It’s no secret that I think Michelle Tam, a.k.a. Nom Nom Paleo, is the cat’s pajamas. We’ve been friends for years now, but we “met” under somewhat odd circumstances. Way back in 2010, when I first started thinking about my first cookbook, I thought I would call it “Paleo Nom Nom.” While doing an internet search to make sure that was a good idea, I found myself confronted by Nom Nom Paleo.
Hmmmph… who the hell is that?! I thought.
That turned out to be a thoroughly delightful paleo cook and friend with an equally delightful family standing behind her. Since that somewhat inauspicious beginning, Michelle has become one of the dearest people I know. We’ve shared a presentation panel at PaleoFX and in Denver, explored a haunted hotel together, and put away some epic meals.
I could not be more excited about Michelle’s new book Nom Nom Paleo: Food For Humans. I’ll be doing a review and sharing photos of the recipes I made from her beautiful book in the coming days, but for now, get to know the Michelle I love a little better with this Q&A. And for goodness sake, go pre-order her book!
What’s your favorite song/type of music to listen to while working out or cooking? Why?
When I work out in my garage, I’ll put on The Black Keys or MGMT — something that’ll pick me up. I also like listening to The White Stripes and Rage Against the Machine; music that makes me grit my teeth and lift angry.
In the kitchen, I prefer to zone out to classic “modern” rock from the ’80s like Erasure, the Smiths, and the Cure — mostly because my musical tastes haven’t changed since my freshman year of high school. (I’m not nostalgic for my angst-filled teenage goth years, but I do miss the music.)
Of course, when the kids get home from school, they insist on “Weird” Al songs. And my husband Henry only listens to hipster bands that we can’t stand.
What’s your favorite healthy meal/snack?
My favorite meal is one that someone else makes for me!
In all seriousness, I really can’t pick out just one. That’s why I love going to restaurants and ordering the chef’s tasting menu — the surprise is a big part of the fun!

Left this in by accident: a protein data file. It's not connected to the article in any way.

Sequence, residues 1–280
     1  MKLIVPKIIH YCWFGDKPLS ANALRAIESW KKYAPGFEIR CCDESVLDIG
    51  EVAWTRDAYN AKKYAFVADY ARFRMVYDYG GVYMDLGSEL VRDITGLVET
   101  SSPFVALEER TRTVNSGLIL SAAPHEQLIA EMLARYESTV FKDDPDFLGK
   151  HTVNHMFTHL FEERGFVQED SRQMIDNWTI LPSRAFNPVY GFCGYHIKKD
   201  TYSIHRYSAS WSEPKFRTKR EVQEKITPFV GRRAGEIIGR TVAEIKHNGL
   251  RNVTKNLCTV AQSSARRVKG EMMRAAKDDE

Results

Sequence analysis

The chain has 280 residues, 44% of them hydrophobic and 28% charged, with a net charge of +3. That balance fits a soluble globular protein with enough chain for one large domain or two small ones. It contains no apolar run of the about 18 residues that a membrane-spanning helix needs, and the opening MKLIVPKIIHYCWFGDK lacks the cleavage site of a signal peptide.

Nutrition has no meaning in this scenario. It’s Friday night and you’re ready to watch your favorite movie. What are you eating?
These days, nothing — because on Friday nights, I’m usually getting ready to head to the hospital for work, or passing out on the couch before the movie starts. But in a past life, I’d be slamming down fistfuls of Hurricane Popcorn, a Hawaiian snack that consists of popcorn seasoned with copious amounts of “butter” and furikake. Oh, and a big bar of dark chocolate, too.
You can have dinner with any characters from movies, TV, or books that you want. Table for 8. Who’s at the table?
Howard Stern, Andy Cohen, Kathy Griffin, Anthony Bourdain, Eddie Huang, George Takei, BMO from Adventure Time — and me! Funny always wins.
Garlic: Minced with a knife or crushed with a garlic press? Discuss.
A garlic press (because I’m lazy).
More often, though, I just smash my cloves with the bottom of a ceramic ramekin (because I’m really lazy.)
What are your three favorite recipes from your cookbook?
That’s a difficult one to answer — I love all the recipes in my book! But right now, my favorites include Polpette di Vitello (Veal Meatballs), Peruvian Roast Chicken + Aji Verde Chili Sauce, and Whole Roasted Branzini. The branzini, in particular, is super-easy to make, with no extra pots or pans to clean! I’m a big proponent of maximizing the flavor-to-hassle ratio.